As I said above, this book can be read as part of its series or as a standalone novel. I was conscious of missing out on a few references here and there, but all in all not much went over my head. Perhaps it helps that the book is less about Jack Parlabane and more about the hacker Samantha Morpeth.

What is really striking about the book is the breathtaking contrast between Sam navigating her real life, and Sam, as her hacker alias Buzzkill, navigating the web. Sam in real life is meek, seeking more than anything to disappear into the background. Her life is horrible, stuck in an impossible position of needing to care for her little sister while her mother is in prison, and being denied at every turn the ability to do so. But online, Sam, as Buzzkill, can use her intelligence, imagination, and anonymity to effect real change in the world around her.

The story itself is fast-paced and technologically terrifying. I found myself getting legitimately paranoid even time I experienced any lag time on any of my electronics. While certainly a work of fiction, the book serves to remind us of how vulnerable we are now that we are all inevitably connected via the internet.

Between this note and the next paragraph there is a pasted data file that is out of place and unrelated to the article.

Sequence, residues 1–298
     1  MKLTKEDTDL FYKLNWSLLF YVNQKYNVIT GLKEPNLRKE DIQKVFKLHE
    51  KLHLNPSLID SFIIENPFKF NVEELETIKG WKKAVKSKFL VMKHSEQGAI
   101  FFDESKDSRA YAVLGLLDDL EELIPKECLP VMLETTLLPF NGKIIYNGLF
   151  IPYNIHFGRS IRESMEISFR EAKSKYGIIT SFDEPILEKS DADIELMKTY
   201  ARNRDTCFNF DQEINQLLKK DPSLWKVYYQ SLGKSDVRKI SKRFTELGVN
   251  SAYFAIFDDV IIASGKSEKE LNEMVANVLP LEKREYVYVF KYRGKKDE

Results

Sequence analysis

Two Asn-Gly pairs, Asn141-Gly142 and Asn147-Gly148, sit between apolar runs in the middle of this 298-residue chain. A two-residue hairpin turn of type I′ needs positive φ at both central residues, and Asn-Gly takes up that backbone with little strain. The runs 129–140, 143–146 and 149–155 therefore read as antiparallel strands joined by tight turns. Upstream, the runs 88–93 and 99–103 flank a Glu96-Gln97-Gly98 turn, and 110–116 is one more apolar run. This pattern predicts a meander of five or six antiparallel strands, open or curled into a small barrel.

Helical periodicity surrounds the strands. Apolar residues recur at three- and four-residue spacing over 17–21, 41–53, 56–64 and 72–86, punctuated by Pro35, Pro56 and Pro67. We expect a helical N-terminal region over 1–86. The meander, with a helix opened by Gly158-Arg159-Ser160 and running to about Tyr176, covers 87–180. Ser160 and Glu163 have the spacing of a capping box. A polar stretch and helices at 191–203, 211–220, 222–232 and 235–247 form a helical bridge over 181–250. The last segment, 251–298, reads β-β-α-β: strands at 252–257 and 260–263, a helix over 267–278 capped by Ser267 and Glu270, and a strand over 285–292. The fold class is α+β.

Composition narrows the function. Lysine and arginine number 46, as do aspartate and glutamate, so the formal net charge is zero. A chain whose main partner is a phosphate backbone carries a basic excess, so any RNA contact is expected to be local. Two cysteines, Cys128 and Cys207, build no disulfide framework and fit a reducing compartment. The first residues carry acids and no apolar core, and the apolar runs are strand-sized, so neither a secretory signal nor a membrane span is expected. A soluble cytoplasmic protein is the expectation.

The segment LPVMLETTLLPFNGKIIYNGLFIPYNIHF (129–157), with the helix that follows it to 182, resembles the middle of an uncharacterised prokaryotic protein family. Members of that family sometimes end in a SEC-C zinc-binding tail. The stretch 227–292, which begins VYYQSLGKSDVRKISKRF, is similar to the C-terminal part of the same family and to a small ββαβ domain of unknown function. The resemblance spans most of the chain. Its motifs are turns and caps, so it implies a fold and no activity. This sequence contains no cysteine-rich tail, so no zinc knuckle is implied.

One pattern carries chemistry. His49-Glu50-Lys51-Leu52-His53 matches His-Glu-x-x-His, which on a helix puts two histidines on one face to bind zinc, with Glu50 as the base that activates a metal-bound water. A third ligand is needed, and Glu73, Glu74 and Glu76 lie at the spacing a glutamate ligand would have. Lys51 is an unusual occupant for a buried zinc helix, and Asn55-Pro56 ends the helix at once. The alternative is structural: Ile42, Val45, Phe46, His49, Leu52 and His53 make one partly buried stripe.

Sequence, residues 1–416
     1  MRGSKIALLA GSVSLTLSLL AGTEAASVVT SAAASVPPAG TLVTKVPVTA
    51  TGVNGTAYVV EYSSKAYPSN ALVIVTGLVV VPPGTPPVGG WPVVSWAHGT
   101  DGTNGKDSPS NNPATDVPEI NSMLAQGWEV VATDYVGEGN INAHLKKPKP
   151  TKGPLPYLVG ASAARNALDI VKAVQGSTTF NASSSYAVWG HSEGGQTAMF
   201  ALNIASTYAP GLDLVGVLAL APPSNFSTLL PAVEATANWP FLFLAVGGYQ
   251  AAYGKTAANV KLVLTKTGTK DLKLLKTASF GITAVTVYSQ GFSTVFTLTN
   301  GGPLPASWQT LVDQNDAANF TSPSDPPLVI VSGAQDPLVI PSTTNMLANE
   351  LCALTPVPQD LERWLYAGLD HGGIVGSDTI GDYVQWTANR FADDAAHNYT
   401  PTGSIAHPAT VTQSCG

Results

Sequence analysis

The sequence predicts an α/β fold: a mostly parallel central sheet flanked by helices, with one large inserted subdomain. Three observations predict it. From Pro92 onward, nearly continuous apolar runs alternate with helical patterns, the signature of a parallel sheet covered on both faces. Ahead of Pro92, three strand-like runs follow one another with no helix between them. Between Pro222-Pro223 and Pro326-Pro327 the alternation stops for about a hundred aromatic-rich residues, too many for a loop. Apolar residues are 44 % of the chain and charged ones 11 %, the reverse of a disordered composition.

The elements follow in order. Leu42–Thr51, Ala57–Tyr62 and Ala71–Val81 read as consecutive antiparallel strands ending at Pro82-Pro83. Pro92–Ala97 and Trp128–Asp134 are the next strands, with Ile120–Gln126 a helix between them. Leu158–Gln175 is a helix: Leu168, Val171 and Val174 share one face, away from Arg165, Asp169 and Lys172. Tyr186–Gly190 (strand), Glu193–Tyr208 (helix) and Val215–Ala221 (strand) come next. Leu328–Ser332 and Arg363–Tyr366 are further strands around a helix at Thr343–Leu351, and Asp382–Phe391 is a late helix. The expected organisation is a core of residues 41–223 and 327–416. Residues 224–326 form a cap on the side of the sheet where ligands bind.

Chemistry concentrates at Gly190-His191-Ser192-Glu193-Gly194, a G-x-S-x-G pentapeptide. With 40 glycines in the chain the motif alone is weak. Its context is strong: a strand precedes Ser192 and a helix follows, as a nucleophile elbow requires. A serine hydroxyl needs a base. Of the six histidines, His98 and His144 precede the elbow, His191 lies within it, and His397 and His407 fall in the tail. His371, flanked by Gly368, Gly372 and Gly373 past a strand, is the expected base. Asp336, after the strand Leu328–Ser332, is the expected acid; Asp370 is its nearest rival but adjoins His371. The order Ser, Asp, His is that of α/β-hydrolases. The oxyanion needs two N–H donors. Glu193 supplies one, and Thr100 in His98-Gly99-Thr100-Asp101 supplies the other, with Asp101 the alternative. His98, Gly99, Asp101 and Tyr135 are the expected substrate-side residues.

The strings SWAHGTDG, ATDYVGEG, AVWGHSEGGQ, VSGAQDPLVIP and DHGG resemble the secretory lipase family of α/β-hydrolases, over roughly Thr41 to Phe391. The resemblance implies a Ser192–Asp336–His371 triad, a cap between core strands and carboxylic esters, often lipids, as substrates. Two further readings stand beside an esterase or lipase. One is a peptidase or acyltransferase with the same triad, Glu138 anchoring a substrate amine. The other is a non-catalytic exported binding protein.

So, if you’re looking for an intelligent technological thriller (with a woman of color as the protagonist, yay!), then this book is a good fit for you!

An advance copy of this book was provided by the publisher in exchange for an honest review. ( )
  irregularreader | Sep 23, 2017 |
Wow, at first my eyes were going fuzzy on me with all the computer talk in this book. However, the author did dumb it down enough for me to where I mostly understood what was going on, not how but the what.

This book was crazy once I got through the first couple of chapters. Hackers who just like to go into corporate websites just because they can. And then, there are the criminals who want to get in to steal things or for other criminal activities. When one hacker is being blackmailed to steal a new product from a computer company, that's when things really take off. And boy did they take off. The action had me holding my breath while my heart sped up.